I'm not, believe me, trying to toot a horn.  I think it's critical, however especially in the infertile blogosphere to promote awareness that thinking about financial health relative to a desire for a baby is super important.  Everybody has to weigh their own costs versus benefits and everyone's standard for what is acceptable is different.  However, I am beyond grateful that we do not have children right now.  I don't know if that's God's doing or what but I feel very blessed in that regard.

So, we're choosing love over money, togetherness over separation, productive work over working just for prestige or to satisfy our parents' egos.  I'm proud of my husband.  He's taking the road less traveled.  And that's flat out cool!


  1. Love this! I remember when I first told my mom The Man was going to be a massage therapist...her first words were "he can't make any money doing THAT!" Um, gee mom, not everyone works to make a lot of money, some people do a job they love in service to others. My response was "I'd rather be married to a happy, poor man than a miserable, rich man." No, we don't have a lot of money for lots and lots of extras, but we get by and we are happy.

    It is the road less traveled, but it does make all the difference.

  2. That sounds like a very wise decision. My DH has been working jobs that he has hated for the whole time we have been married and it isn't fun listening to someone's misery for that many years...I just hope he can find a job that he doesn't hate or a job that he likes somewhat...but that may be expecting too much.

  3. Sounds like waiting for that right job is the best option for you both! It's a blessing that right now he doesn't just have to take any job. My dh was very supportive of me when I went back to school and was equally supportive when I was looking for a job. He knew how I felt when I worked at a job that I didn't like. Thank God for loving and supportive marriages!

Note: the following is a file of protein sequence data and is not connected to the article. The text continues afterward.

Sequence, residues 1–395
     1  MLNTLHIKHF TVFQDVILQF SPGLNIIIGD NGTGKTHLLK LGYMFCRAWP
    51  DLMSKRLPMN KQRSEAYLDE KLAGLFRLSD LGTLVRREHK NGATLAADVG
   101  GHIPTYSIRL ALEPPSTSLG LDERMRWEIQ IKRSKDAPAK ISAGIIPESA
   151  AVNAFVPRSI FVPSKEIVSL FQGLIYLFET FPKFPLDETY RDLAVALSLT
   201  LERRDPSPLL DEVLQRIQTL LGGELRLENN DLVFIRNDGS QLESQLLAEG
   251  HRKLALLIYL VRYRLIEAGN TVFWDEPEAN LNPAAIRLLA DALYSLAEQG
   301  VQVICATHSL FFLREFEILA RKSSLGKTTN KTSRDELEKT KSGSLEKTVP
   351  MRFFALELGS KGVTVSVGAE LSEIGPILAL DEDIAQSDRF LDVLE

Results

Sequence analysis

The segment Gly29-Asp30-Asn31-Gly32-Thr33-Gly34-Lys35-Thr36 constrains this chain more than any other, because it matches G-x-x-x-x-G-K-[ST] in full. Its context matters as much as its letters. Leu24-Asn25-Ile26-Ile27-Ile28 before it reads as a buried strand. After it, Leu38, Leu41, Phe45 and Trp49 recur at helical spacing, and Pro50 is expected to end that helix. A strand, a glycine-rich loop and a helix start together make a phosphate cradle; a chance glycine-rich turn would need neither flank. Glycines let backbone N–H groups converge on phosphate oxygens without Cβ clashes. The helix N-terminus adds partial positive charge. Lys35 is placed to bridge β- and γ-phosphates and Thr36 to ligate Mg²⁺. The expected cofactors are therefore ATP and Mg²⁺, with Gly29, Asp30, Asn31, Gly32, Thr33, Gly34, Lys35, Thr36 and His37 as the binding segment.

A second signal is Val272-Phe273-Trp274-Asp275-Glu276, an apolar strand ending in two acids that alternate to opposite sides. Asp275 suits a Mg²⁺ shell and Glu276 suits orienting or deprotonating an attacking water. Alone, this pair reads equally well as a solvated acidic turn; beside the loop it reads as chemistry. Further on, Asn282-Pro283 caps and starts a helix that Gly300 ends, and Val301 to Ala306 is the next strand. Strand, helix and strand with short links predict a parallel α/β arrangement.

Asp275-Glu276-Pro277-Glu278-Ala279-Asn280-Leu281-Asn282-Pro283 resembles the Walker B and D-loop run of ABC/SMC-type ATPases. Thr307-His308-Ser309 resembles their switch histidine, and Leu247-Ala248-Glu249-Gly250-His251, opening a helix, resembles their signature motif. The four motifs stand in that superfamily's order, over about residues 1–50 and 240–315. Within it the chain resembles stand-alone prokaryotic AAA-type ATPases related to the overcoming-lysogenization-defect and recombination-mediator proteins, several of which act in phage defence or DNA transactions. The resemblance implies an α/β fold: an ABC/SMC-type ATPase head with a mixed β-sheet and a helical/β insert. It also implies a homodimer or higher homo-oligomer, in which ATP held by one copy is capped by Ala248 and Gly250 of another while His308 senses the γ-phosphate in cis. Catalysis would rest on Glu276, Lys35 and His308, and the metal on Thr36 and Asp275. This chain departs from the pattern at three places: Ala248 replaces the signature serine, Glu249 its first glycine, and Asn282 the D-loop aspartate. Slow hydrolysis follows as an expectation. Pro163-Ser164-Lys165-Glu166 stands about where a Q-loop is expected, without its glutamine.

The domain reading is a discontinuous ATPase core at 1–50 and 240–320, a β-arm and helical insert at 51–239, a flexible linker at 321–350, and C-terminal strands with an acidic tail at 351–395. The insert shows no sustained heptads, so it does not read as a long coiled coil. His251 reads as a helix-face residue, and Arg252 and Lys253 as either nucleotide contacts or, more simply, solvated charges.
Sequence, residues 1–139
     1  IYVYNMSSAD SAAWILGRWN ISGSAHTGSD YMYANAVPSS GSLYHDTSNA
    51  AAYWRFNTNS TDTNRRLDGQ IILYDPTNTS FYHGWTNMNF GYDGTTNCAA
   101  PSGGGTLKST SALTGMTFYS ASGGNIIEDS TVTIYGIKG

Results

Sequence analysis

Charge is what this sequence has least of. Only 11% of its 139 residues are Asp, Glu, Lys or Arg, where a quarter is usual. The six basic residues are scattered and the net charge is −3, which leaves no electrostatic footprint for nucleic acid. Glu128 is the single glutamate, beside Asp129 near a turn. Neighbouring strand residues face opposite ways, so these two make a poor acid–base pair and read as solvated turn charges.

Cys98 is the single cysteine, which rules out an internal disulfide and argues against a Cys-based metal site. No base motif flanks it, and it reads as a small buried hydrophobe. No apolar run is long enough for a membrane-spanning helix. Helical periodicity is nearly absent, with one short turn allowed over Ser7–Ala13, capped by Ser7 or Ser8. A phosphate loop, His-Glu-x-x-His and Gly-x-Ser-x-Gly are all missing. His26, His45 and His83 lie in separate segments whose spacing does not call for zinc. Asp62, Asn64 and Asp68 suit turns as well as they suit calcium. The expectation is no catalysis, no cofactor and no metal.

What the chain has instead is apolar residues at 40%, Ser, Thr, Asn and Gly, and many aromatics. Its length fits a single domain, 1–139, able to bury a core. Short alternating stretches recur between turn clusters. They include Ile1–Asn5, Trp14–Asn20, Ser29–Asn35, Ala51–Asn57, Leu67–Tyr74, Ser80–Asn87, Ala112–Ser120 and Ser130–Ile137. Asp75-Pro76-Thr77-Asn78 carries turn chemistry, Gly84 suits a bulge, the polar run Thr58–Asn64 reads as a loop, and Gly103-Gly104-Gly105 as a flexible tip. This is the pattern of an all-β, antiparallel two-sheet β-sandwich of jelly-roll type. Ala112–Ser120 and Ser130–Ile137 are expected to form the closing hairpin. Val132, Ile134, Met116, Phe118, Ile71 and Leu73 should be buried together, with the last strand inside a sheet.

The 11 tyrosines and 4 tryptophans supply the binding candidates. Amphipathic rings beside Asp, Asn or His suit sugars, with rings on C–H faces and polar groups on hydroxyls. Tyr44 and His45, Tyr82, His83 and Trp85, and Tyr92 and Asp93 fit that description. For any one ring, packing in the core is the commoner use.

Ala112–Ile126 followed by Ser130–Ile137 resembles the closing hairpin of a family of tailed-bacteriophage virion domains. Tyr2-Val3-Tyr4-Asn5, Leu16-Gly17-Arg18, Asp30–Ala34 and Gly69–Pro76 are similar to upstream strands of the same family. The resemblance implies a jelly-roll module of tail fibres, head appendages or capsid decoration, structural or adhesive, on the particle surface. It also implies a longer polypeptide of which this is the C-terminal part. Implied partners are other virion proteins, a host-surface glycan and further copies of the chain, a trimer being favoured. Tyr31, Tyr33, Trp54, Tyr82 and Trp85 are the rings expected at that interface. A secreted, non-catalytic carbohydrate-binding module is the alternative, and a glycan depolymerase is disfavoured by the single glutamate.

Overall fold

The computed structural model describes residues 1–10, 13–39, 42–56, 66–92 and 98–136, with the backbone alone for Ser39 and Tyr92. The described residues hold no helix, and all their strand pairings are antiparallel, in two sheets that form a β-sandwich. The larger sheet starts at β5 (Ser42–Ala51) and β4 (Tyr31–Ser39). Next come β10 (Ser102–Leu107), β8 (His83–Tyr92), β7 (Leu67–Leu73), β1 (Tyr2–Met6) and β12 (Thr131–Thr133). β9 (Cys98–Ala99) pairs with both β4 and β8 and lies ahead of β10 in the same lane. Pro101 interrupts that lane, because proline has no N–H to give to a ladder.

4. I love this reflection. My DH and I have had a lot of conversations of this kind ourselves. Right now we have more income than we strictly need, so we're saving (a lot, I hope!), but we have certainly been in phases where we were just getting by and that will happen again, I'm sure. In exchange for peace in knowing you're on the right path - definitely worth it.

  5. I enjoyed this post, especially since DH and I have lived through different circumstances in the past few years. We have never been wealthy, as in buying a suite of new furniture (we have a mix of IKEA, good furniture no longer needed by parents, etc). However we did have a chance to travel and own a much bigger home. Then DH was let go just before the financial crisis. That was really tough. Thank heaven we had savings, although it was heartbreaking to have to use them up when we had planned on using them for retirement!

    Now we live in a much smaller space, in a duplex where we rent out half of the home. Just these past few days we've emptied out the storage locker where overflow "stuff" went, and we are busy donating, recycling, throwing out, or allocating some things for storage (thank you, parents and parents-in-law) .... but by and large we want to fit into the space we have.

    Before, DH was working a much higher-flying job but with so much more stress. He enjoyed it but it just took so much from him. Now he is saving the world in his own way, with its own costs (he is away from home a fair bit) but he isn't consumed by stress and climbing the ladder. Thankfully I have a good job which I enjoy, though I need to do learn how to work smarter and not harder so I have more time for myself also.

    Yup, work, marriage, money and love ... so many decisions. I think you and your DH are bang on in listening to your hearts about what you truly want to do, regardless of what the world around you views as success.